To provide leadership to help people conserve, improve and sustain the natural resources and environment of Highlands County, Florida
Conservation Districts were created nationwide, generally one per county, as a response to the Dust Bowl that occurred in the late 1930′ and early 1940’s. The Dust Bowl was a result of non-sustainable farming practices that heavily impacted the land and therefore soil conservation became the focus of these local groups, as well as the newly created federal agency, the Soil Conservation Service (SCS), known today as the Natural Resource Conservation Service (NRCS). Conservation districts were formed in Florida as a subdivision of state government under the Florida Conservation law of 1937 to implement locally led conservation. Conservation Districts and the NRCS work closely with each other, sharing resources and personnel, and usually office space, to accomplish the goal of conservation at a local level. The actual work performed by a conservation district depends on local needs. The work is directed by an elected board of supervisors who meet monthly to discuss and direct District activities. Traditionally the board of supervisors (for Districts nationwide) has been composed of members of the agricultural community, though more recently District boards are comprised of members from diverse backgrounds, particularly in urban areas.
Conservation Districts and the NRCS are NON-REGULATORY agencies functioning to provide assistance to farmers and the public in general to accomplish conservation goals.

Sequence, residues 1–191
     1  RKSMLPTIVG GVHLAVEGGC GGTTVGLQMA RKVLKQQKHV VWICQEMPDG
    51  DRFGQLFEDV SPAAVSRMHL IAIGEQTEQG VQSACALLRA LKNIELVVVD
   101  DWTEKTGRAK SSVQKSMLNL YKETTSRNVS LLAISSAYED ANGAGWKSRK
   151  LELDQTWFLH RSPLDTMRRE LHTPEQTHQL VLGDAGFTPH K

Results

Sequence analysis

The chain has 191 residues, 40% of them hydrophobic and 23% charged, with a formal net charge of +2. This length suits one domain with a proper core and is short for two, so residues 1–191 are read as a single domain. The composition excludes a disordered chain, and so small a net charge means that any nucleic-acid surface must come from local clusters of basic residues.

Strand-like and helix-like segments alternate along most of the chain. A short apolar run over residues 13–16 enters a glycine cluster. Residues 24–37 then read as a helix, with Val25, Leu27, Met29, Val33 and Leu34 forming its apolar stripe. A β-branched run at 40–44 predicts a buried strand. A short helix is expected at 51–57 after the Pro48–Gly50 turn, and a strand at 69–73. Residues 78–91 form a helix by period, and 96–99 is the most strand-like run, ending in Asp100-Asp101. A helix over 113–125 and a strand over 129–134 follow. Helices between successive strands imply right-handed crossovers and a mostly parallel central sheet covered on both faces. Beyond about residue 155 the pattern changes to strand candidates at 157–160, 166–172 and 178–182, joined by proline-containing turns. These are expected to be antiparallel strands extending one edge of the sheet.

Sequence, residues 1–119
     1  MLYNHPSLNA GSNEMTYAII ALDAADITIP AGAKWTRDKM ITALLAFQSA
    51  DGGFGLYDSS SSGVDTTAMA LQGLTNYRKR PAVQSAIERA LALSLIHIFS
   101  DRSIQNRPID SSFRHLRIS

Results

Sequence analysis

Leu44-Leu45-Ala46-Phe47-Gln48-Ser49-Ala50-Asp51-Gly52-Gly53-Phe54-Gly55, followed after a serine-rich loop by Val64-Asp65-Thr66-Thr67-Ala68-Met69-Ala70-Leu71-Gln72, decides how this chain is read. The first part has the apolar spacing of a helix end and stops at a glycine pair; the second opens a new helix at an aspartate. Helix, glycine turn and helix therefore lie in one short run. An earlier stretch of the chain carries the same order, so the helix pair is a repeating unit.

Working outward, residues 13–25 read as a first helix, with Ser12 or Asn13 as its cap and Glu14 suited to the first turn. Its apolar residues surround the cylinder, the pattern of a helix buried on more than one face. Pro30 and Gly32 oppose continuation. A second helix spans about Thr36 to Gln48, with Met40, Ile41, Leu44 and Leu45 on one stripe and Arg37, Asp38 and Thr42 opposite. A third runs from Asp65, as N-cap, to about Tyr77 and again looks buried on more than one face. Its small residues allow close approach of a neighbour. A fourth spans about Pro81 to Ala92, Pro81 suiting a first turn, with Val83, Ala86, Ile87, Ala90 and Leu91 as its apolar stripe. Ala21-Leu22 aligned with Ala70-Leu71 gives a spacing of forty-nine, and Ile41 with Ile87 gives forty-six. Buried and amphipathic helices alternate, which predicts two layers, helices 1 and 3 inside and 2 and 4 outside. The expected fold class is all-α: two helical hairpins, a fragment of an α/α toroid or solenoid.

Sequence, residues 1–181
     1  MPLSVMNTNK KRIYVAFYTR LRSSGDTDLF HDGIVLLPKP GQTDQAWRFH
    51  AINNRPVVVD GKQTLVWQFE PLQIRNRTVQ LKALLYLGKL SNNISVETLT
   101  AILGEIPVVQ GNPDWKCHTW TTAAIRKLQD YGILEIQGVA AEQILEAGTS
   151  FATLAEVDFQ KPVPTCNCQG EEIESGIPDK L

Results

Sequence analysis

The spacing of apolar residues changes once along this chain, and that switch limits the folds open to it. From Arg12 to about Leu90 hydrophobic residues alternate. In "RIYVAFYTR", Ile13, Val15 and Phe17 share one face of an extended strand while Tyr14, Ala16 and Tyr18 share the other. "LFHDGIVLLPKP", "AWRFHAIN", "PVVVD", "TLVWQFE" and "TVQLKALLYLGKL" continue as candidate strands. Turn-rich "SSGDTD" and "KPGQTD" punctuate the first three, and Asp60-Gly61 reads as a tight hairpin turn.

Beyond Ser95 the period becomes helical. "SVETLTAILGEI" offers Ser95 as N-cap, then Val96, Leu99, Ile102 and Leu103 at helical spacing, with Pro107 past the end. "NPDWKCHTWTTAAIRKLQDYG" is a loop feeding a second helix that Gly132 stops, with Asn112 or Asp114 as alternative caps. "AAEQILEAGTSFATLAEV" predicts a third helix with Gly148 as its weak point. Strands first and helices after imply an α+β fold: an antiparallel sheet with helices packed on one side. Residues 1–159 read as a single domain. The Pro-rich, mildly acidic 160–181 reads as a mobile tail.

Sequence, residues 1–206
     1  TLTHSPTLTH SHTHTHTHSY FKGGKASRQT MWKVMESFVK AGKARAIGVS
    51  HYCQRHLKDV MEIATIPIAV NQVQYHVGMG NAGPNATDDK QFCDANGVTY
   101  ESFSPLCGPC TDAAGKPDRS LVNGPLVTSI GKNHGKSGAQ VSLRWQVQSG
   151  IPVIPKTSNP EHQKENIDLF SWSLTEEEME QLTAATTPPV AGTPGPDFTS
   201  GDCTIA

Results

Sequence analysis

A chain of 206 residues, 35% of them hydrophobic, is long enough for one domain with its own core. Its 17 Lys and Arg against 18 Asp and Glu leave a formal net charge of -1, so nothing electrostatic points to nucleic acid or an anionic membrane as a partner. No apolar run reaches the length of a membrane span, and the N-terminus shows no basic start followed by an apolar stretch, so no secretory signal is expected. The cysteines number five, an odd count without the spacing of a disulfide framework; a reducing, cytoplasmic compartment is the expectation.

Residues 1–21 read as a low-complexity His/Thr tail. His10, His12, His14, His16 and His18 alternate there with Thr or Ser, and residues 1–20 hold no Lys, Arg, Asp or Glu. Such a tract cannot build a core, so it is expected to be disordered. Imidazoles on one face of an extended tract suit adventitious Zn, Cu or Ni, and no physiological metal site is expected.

Go here to view a list of Statutes
Soil & Water Conservation Districts are governed by Chapter 582 of the Florida Statutes.
The Florida Department of Agriculture and Consumer Services is the State entity that oversees the Soil & Water Conservation Districts statewide.
The Soil & Water Conservation Districts are considered special districts in the State of Florida; Chapters 189 & 190 of the Florida Statutes address Special Districts and have legislation to govern ALL special districts.
The Highlands Soil and Water Conservation District was created in 1942 and originally was known as the Istokpoga Soil Conservation District, covering only the area south and east of Lake Istokpoga. Katherine Waggaman was instrumental in the creation of the Istokpoga Soil Conservation District and as a board supervisor, she was the first woman Conservation District supervisor in the United States. The District was expanded in 1946 to cover the entire county and was then renamed the Highlands Soil and Water Conservation District.
Early District activities followed along the lines of activities occurring throughout the state to reroute water and drain lands for development. The first watershed project was the East Placid Chain of Lakes, which began construction in 1956 and was completed in 1958. Additional watershed projects include canal and structure construction on Fisheating Creek, Upper Josephine-Jackson Creek and in the Istokpoga Marsh. The projects were conducted primarily to ease flooding concerns around homes and in agricultural lands. The Istokpoga Canal was also constructed through the Conservation District. All of these projects were accomplished with engineering support and assistance provided by the Soil Conservation Service with co-sponsorship by the Highlands County Board of County Commissioners.